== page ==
Anastasia Cooper, a Manhattan High alumna, is researching how plants defend against insects at Arkansas State University.
Blue cactus-borers attack prickly pear cacti, and the cacti have an arsenal of defenses ready. However, when the South American cactus-borer attacks, it severely damages the plant.
The study of why certain pests are more dangerous than others may help scientists understand how natural pesticides can be developed.
With a recent grant awarded by Graduate Women in Science (GWIS), Cooper is researching how a plant’s natural defenses can be improved, warding off the effects of damaging insects.
A doctoral student in the Molecular Biosciences Program at A-State, Cooper applied for the grant a few months ago to support continuation of her research.
Her doctoral dissertation is based on carefully controlled experiments conducted on cacti “puntia humifusa.”
Her hypothesis is that cactus plants exchange plant volatiles, or airborne chemical signals, as part of their defense response that allows them to “communicate” with themselves and other organisms. For instance, when attacked by the native blue cactus-borer, the plant might release volatiles to attract parasitic wasps to the cactus-borer.
Cooper’s research suggests that plant-to-plant signaling can also stimulate neighboring cacti to defend against cactus-borers, even exotic ones from South America.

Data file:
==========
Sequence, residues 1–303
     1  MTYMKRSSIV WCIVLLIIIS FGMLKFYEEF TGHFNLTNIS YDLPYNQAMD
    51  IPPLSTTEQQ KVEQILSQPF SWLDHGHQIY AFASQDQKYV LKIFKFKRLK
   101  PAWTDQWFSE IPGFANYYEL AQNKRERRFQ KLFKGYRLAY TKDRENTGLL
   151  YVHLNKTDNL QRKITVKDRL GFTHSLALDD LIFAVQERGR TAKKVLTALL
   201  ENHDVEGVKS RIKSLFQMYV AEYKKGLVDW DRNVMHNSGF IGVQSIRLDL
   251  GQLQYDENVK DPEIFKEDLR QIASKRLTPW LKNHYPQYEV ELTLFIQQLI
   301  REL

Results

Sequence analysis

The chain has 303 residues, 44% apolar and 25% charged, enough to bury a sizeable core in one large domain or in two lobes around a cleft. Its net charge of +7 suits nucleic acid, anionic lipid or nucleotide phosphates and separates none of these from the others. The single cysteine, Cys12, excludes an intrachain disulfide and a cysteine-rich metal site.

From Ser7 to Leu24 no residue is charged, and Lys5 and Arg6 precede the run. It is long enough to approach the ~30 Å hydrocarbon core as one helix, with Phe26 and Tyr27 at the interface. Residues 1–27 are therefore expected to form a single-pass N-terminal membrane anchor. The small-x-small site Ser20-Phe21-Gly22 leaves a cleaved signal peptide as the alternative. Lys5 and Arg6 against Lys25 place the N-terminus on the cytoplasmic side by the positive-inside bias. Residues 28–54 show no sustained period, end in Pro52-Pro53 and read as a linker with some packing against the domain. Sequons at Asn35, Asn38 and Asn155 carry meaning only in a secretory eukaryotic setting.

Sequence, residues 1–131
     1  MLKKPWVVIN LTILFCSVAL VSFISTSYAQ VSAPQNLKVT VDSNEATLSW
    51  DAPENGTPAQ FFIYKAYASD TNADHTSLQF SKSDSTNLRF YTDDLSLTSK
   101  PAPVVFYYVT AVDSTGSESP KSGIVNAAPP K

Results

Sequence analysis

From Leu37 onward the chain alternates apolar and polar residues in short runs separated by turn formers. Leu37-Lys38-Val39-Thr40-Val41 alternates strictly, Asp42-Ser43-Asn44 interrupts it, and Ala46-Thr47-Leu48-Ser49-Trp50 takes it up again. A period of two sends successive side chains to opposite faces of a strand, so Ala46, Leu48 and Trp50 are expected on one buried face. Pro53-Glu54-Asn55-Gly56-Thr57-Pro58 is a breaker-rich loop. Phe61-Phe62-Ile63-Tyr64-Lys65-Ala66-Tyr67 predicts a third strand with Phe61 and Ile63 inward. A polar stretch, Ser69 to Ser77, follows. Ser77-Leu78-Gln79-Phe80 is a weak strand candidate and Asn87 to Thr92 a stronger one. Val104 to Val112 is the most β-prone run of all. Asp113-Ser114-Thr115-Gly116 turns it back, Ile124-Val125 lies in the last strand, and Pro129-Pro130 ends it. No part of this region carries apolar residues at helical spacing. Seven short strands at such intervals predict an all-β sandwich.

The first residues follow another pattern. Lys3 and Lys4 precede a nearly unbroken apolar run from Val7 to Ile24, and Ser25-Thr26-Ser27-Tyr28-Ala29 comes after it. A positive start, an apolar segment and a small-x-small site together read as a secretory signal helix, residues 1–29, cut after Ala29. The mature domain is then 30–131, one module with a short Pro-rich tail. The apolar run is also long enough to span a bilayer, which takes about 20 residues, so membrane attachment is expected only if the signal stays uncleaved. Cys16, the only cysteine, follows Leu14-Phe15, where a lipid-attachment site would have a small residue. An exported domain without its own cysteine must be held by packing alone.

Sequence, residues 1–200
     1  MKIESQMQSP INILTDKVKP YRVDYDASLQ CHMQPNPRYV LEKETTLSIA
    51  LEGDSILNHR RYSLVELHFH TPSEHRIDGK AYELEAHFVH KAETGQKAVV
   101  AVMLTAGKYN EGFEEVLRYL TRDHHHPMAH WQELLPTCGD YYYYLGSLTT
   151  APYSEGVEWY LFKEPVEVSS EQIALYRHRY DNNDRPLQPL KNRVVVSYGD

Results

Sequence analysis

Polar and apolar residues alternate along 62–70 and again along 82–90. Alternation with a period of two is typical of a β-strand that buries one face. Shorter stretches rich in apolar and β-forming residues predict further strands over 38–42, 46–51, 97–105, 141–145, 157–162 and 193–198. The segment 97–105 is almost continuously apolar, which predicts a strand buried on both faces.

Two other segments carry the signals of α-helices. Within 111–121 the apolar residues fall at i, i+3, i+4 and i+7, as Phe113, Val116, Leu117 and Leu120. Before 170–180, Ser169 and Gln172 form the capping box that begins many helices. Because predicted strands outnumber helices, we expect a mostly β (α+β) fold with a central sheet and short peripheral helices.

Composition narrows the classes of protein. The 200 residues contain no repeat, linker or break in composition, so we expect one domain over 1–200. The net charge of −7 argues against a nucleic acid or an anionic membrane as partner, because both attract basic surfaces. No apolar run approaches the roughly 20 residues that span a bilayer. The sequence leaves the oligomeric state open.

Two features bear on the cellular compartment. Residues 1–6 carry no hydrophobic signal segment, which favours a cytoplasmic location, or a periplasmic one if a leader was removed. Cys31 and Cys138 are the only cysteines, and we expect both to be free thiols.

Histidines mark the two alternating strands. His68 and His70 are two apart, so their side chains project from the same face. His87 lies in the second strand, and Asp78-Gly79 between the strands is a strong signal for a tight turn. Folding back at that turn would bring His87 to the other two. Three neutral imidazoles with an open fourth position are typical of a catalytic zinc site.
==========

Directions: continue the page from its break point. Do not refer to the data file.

“The main goal of my work is to identify a blend of chemicals that could be used as a natural, plant-based pesticide for controlling the South American cactus-borer in agricultural and nursery settings by elevating the plants’ natural defenses,” she explained. “Plant volatiles may be a viable new tool for managing invasive insect pests.”
She came to Arkansas State after completing her bachelor’s degree at Mississippi State University. A native of Kansas and a first-generation college student, she sought the grant to help sustain her work.
Graduate Women in Science offers various national programs to boost the role of women in research, including the Eloise Gerry Fellowship, for which Cooper was selected. Competition for the Gerry Fellowship is intense nationwide. Only 14 of 217 applications were approved for funding this year.
The prestige associated with the award is significant, both for her personally and for the institution, according to Dr. Travis D. Marsico, assistant professor of botany and her doctoral advisor at A-State.
Since 2011, Cooper has served as a National Science Foundation Graduate Fellow in K-12 STEM (science, technology, engineering and mathematics) Education, interacting regularly with elementary students at Wilson, Ark., to enhance their interest in science. She also mentors undergraduate university students because she wants to help bring more students into the field of science.
Cooper is the author or co-author of three articles that have been published in peer-reviewed scientific journals, with two more in process.
In April, she made a presentation about her research at the annual meeting of the Association of Southeastern Biologists, where she won the award in plant science.